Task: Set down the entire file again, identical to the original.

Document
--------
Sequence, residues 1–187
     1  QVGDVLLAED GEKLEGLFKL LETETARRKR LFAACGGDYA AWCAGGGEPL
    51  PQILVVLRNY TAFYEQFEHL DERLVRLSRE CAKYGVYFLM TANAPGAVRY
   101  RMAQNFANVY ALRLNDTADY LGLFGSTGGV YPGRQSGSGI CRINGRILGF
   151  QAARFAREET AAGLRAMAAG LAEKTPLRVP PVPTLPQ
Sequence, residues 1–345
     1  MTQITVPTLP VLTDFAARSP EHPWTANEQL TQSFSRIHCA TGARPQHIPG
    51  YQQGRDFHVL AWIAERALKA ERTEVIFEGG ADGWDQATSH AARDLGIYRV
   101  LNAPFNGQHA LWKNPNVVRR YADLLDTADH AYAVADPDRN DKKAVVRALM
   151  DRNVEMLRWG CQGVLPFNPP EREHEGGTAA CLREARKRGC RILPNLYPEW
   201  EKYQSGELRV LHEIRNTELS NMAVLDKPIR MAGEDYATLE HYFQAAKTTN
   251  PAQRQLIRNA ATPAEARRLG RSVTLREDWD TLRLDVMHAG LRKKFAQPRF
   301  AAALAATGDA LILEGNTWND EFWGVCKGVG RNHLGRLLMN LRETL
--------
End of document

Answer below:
Sequence, residues 1–187
     1  QVGDVLLAED GEKLEGLFKL LETETARRKR LFAACGGDYA AWCAGGGEPL
    51  PQILVVLRNY TAFYEQFEHL DERLVRLSRE CAKYGVYFLM TANAPGAVRY
   101  RMAQNFANVY ALRLNDTADY LGLFGSTGGV YPGRQSGSGI CRINGRILGF
   151  QAARFAREET AAGLRAMAAG LAEKTPLRVP PVPTLPQ
Sequence, residues 1–345
     1  MTQITVPTLP VLTDFAARSP EHPWTANEQL TQSFSRIHCA TGARPQHIPG
    51  YQQGRDFHVL AWIAERALKA ERTEVIFEGG ADGWDQATSH AARDLGIYRV
   101  LNAPFNGQHA LWKNPNVVRR YADLLDTADH AYAVADPDRN DKKAVVRALM
   151  DRNVEMLRWG CQGVLPFNPP EREHEGGTAA CLREARKRGC RILPNLYPEW
   201  EKYQSGELRV LHEIRNTELS NMAVLDKPIR MAGEDYATLE HYFQAAKTTN
   251  PAQRQLIRNA ATPAEARRLG RSVTLREDWD TLRLDVMHAG LRKKFAQPRF
   301  AAALAATGDA LILEGNTWND EFWGVCKGVG RNHLGRLLMN LRETL